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Outlook bleak for City real estate market   2011-01-03 - VNS

Following a troubled 2010, when the HCM City real estate market was in the doldrums, property investors expect 2011 to be equally bad, with funds being hard to raise due to the high interest rates and property lending policies tightened.

"The real-estate market will be very gloomy in the first quarter of 2011," Doan Nguyen Duc, chairman of a large property company, Hoang Anh Gia Lai Group, has been quoted by online VnExpress as saying.

High interest is a big obstacle for both property developers and buyers, he says.

But he has his hopes pinned on a fall in rates by the end of Q2 which can help boost the property market.

Chairman of Viet Nam Houses JSC Tran Van Thanh is also pessimistic: "Trading in the property market will remain gloomy if banks maintain the high interest rates."

High inflation will also force house prices up because costs will rise, he says.

Huynh Phuoc Nghia, manager of Global Integration Business Consultants Co's Marketing Study Division, says 60 – 70 per cent of property projects in HCM City are progressing at a snail's pace because they are dependent on bank loans to a great extent.

He expects many developers to delay construction and others to sell their projects.

"When the [property] market is good, developers can borrow 70 per cent of the capital from banks. But when the market is stagnant as it is now, they dare not borrow [even] 50 per cent."

Le Chi Hieu, general director of Thu Duc Houses JSC, says the major challenges the property market faces include poor infrastructure and transport, mismanagement of urban development and insufficient capital.

Chairman of Sacombank Real Estate JSC (Sacomreal) Dang Hong Anh seems to be the only one optimistic about the property market. He believes it will recover when loan interest rates stabilise in Q3 and Q4.

"Foreign capital and further State investment in infrastructure development will positively impact the HCM City property market in 2011," is his prognostication.

Farmers turn to rubber as prices rise

Deputy PM Nguyen Sinh Hung has urged provincial authorities not to allow farmers to destroy other crops to plant rubber trees.

Rubber prices have shot up in the global market, sending farmers in Viet Nam scurrying to plant rubber trees.

According to figures from the Ministry of Agriculture and Rural Development (MARD), 97,000 ha of land were turned into rubber plantations last year, 39 per cent higher than the target set for 2010, taking the total area under rubber cultivation to 670,000 ha.

Rubber trees were also planted in the north-western region where the soil is not suitable.

A ha of maize or water potato yields VND10 million (US$50) a year, just a seventh to a fifth of what a farmer can earn by growing rubber under current prices.

Dr Nguyen Kim Phong, ex-chairman of the Viet Nam Tea Association, has warned that tea companies could face a shortage of raw materials since many tea farmers in northern Yen Bai Province have turned to rubber.

But rubber trees are productive only in places that are no more than 700 metres above the sea level. The newly planted trees in the north-western provinces may grow well now but no one knows if they will yield latex in the 10 years' time.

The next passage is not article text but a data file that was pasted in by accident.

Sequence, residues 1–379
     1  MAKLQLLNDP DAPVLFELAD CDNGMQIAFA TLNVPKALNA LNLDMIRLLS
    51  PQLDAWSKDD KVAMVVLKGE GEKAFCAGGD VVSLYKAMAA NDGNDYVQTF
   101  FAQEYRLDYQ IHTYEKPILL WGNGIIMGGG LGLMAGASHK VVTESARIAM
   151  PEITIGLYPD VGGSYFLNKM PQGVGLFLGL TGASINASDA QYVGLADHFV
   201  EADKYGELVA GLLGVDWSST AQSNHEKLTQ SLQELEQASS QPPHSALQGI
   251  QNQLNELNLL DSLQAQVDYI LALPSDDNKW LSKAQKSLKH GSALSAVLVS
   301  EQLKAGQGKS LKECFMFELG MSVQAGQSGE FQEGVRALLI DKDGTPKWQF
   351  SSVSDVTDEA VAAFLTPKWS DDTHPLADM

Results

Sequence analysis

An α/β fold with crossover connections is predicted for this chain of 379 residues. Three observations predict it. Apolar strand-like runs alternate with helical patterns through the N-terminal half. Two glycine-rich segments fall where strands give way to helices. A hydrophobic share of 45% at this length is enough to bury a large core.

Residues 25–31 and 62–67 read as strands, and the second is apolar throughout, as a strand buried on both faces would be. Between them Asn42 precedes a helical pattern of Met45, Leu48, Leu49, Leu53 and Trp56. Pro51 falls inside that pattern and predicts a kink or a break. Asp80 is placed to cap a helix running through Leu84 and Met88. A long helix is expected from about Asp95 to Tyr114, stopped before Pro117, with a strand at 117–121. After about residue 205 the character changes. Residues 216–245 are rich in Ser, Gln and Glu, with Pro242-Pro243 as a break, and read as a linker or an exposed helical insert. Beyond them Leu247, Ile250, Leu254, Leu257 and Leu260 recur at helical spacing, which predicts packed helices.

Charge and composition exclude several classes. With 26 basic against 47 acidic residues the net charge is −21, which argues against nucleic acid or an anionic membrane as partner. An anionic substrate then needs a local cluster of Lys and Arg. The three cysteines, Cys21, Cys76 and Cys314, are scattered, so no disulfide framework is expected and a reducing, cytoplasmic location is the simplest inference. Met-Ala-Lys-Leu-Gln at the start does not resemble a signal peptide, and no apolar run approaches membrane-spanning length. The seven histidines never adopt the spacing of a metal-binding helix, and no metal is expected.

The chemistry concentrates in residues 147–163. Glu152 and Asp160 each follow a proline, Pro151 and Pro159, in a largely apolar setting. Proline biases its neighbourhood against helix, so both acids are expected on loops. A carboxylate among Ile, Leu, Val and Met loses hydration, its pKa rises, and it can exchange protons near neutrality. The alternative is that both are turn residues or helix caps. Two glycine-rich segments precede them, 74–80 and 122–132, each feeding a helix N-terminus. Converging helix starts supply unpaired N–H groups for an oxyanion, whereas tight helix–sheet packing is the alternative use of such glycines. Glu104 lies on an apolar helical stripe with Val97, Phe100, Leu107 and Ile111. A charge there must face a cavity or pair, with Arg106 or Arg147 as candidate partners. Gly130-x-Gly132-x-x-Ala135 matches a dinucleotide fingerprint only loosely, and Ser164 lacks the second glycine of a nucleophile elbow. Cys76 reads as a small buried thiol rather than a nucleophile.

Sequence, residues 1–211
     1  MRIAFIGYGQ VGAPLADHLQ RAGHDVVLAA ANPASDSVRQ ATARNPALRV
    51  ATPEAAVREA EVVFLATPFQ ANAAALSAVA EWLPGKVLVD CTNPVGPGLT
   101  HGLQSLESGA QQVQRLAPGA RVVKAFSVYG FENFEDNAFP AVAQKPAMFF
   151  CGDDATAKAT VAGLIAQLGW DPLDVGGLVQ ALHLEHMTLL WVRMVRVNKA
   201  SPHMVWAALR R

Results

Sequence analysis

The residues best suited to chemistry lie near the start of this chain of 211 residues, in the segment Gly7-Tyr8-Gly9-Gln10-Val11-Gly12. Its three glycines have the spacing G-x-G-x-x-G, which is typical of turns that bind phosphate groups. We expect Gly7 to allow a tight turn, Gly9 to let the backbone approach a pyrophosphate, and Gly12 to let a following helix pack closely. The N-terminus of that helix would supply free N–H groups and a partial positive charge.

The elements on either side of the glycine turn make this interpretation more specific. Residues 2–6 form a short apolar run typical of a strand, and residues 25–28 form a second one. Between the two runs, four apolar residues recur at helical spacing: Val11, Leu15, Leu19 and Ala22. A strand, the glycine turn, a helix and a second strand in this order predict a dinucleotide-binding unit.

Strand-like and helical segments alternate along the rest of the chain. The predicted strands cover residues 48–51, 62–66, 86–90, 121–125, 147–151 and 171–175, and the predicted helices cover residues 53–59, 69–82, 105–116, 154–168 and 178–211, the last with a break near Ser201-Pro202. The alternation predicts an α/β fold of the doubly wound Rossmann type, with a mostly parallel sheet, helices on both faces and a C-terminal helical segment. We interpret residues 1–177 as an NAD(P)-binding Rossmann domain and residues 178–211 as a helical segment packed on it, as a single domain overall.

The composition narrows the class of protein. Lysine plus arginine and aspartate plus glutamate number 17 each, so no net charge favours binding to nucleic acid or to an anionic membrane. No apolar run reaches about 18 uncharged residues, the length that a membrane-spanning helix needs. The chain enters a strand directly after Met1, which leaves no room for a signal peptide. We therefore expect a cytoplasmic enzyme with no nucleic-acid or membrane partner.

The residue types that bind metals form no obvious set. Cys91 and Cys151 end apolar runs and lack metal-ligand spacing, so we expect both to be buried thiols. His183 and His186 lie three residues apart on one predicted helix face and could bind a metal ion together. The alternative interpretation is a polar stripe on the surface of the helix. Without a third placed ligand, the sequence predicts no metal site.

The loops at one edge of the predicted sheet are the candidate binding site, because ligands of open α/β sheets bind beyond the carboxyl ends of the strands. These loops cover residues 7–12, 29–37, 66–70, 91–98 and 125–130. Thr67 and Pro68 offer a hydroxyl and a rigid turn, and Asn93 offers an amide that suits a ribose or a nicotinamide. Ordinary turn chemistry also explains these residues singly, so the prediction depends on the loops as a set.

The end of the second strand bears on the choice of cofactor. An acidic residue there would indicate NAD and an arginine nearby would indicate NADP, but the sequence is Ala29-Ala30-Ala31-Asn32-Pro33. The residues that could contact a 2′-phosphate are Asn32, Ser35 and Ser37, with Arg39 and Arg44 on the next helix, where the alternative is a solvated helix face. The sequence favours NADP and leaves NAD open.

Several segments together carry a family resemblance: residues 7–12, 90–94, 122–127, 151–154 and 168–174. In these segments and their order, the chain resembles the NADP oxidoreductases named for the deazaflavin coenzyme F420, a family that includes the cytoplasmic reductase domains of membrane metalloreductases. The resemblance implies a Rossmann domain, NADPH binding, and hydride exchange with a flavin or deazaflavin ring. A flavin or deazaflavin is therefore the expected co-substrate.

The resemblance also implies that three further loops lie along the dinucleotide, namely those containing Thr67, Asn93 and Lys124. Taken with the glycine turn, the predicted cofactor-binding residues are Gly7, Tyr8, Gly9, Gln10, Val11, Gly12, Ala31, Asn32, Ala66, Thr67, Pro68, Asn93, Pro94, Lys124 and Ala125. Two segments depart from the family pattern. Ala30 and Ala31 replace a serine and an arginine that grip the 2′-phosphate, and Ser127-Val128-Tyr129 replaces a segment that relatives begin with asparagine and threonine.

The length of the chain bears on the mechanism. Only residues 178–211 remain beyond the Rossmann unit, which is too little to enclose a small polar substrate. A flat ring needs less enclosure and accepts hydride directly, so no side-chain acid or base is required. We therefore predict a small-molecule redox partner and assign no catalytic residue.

But mass planting has caused a dip in the quality, experts warn.

Le Quang Thung, chairman of the Viet Nam Rubber Group, says: "Rubber and coffee growers need necessary technical know-how. Farmers in the north-western region have not been taught about rubber planting. They should not grow this crop."

MARD has collaborated with provinces to prevent unplanned conversion of forests and land under other crops to rubber plantations.

The Ministry has had plans to turn 50,000 ha of fallow land into rubber plantations this year.

Stop lending in dollars, says finance official

To narrow the gap between the official and black-market US dollar exchange rates – which recently surged by VND2,000 per dollar (10 per cent) – Dr Le Xuan Nghia, deputy chair of the National Finance Supervision Council, says it is necessary stop lending in foreign currencies.

Speaking to the Investment newspaper, he said the first thing the Government should do is to intervene in the market and stamp out all expectations of a dollar exchange rate increase on the black market.

Then, it is necessary to adjust interest rates and the compulsory reserve ratio for banks, he says.

If the Government does act, the foreign currency market may be stable in Q1, because the gap between the prime interest rates in Viet Nam and the US is not too big, about 5-6 per cent, he says.

One of the biggest causes of pressure on the exchange rate is the balance of payments. For Viet Nam, it fell from US$8.8 billion in 2009 to $2.5 billion last year, giving hope the exchange rate can be stabilised.

Inflation is now the biggest threat to exchange rate stability, and therefore, it must be controlled, Nghia warns. But core inflation, which excludes food and energy prices, is not high, at just around 7.3 per cent, he says.

The biggest problem now is consumer sentiment, he says, explaining that since people are worried about the depreciation of the dong. He also cites smuggling in of gold as a reason for the roaring black market trade in foreign currency.

Once it manages to narrow the gap between the official and black market exchange rates to 200 dong per dollar, the Government needs to restrict and then stop loans in foreign currencies, he says.

"To do that, we can use the compulsory reserve ratio. The required compulsory reserve ratio for foreign currency loans should be higher than for dong.

"Besides, it is necessary to have a reasonable gap between dong and foreign currency interest rates. This will lead to a situation where businesses will no longer be interested in borrowing in foreign currencies."



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